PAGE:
Similarly, Puget Sound Sage has led a planning effort around Graham Street Station aimed at promoting equitable development and avoiding displacement. The six-year delay planned before the amendment would have been a blow to those plans. Puget Sound Sage’s equitable development organizer Abdi Yussuf emphasized this point at an “ST3 Now” press conference in July that The Urbanist also took part in.

“It would be disappointing to see Graham Street station significantly delayed because our community partners have been waiting for the station for a long time,” Yussuf said in a statement. “There are many community anchors that have been waiting for the connections and opportunities that come with the light rail. In 2018, the Graham Street Community Action Team created a shared neighborhood vision for an equitable transit-oriented development around the future light rail station. Our long-term goal has always been to plan early, take land out of speculation, create community capacity for local development, and launch community projects that work together to create a vibrant and resilient transit-oriented neighborhood.”

Target schedule scenario with only planning delays, meaning the affordability gap is closed with new revenue and controlling project costs. Amendments Thursday altered some of these timelines and projects. (Sound Transit)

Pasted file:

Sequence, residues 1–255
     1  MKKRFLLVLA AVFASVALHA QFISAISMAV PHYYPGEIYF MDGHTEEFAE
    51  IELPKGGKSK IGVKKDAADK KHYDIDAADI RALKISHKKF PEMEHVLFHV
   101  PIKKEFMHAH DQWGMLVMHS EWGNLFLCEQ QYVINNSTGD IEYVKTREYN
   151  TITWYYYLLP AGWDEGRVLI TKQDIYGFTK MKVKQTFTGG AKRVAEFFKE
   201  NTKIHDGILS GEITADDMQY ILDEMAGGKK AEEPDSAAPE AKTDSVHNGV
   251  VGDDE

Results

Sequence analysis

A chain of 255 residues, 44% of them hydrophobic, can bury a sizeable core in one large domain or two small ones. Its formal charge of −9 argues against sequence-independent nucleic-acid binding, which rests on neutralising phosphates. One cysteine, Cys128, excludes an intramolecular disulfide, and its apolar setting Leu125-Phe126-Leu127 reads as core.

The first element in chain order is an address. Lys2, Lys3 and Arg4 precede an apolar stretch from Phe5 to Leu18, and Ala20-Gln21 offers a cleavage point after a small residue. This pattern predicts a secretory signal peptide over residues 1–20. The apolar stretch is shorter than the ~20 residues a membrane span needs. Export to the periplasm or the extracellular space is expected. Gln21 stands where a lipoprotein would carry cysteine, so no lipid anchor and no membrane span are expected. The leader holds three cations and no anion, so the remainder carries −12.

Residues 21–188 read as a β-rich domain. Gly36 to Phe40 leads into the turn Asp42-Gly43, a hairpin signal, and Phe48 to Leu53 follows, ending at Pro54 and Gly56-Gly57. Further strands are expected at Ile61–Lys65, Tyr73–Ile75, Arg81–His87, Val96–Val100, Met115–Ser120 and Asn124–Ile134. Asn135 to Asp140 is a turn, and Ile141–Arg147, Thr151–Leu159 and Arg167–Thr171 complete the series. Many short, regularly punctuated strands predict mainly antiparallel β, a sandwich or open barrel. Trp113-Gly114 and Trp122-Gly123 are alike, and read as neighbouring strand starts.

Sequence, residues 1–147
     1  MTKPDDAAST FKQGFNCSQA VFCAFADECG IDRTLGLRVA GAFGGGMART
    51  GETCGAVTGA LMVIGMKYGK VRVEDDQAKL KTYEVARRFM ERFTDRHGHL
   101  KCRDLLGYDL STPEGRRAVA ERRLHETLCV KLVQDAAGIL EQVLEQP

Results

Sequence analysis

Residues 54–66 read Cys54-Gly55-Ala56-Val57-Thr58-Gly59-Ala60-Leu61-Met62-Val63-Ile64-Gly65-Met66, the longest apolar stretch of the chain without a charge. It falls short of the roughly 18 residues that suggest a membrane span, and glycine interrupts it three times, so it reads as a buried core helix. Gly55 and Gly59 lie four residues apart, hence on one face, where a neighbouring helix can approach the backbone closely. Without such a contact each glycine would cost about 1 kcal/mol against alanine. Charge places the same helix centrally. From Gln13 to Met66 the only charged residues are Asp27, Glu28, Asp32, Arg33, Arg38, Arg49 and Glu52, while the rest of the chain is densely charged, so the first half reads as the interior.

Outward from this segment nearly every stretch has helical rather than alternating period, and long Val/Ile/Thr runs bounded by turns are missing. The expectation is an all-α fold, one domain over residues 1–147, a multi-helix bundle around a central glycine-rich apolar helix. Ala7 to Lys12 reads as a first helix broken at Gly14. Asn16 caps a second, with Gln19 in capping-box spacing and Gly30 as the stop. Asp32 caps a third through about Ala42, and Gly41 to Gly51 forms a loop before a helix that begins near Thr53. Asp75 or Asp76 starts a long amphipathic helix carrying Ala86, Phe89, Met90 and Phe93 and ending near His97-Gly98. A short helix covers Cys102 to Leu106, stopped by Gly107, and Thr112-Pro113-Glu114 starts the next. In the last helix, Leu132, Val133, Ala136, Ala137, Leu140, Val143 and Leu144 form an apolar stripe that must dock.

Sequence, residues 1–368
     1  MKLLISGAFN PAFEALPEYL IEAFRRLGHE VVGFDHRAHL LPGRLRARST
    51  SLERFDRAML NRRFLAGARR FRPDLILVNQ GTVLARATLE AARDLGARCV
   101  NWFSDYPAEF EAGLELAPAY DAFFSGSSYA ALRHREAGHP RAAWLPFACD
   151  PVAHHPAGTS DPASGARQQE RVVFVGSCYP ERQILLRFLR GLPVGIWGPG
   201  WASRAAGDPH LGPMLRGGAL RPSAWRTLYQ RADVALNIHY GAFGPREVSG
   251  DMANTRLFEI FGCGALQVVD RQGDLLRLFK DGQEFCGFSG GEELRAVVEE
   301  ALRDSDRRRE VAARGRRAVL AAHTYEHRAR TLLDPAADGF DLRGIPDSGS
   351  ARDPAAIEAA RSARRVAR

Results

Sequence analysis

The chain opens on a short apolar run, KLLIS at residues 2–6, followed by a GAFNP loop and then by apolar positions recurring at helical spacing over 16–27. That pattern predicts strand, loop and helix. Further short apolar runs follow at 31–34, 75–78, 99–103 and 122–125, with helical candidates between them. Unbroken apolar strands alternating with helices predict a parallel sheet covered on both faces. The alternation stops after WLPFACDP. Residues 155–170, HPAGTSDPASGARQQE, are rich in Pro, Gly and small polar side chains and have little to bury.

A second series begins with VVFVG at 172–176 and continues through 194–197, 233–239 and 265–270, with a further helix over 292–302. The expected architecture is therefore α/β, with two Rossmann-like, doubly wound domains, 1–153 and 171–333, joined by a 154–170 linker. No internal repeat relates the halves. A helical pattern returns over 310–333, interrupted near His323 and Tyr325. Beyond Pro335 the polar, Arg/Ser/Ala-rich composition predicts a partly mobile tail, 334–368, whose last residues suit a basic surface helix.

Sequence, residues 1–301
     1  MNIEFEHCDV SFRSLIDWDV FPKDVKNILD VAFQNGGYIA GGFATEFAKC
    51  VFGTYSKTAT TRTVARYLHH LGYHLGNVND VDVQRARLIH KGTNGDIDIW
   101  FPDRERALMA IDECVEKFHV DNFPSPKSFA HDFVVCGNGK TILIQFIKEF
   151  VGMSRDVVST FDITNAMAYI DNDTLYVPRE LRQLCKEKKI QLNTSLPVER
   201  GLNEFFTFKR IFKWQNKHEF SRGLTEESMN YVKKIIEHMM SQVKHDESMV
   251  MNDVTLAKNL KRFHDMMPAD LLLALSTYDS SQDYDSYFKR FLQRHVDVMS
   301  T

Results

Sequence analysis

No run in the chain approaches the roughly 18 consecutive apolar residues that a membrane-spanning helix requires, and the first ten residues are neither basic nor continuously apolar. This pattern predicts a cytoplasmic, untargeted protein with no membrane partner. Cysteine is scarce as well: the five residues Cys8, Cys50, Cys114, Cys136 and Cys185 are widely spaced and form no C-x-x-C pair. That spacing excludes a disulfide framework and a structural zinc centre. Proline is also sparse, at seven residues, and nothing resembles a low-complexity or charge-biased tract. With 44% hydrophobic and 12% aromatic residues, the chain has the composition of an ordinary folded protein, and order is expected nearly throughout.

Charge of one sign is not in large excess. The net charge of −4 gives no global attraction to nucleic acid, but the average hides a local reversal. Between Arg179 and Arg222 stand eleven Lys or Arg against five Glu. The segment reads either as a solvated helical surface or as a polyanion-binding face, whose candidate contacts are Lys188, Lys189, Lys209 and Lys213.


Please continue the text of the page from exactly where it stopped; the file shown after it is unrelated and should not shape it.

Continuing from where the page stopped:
To offset the cost of accelerating the stations, Keel had planned to use a one-year delay to the Smith Cove to Ballard light rail segment that would have pushed it to 2040. But he relented — perhaps hearing some pushback — and switched the offset to delaying projects elsewhere: the Lake Forest Park parking element, South King County Sounder station access improvements, and bus-on-shoulder upgrades. The bus-on-shoulder work turned out to be more complicated and less helpful than Sound Transit hoped, staff noted.

Amendment 10 moves up Kirkland’s NE 85th Street Station to 2026

Balducci’s Amendment 10 accelerates Kirkland’s NE 85th Street Stride bus rapid transit (BRT) station from 2027 to 2026. The offset for this change was delaying the Kingsgate parking element by one year. The amended timeline still is two years slower than initial plans, but staves off another year of delay. Sound Transit has indicated that the pandemic has slowed planning, permitting, and construction work, which is causing some delays beyond pure financial constraint — and the two years of delay here is fairly typical systemwide.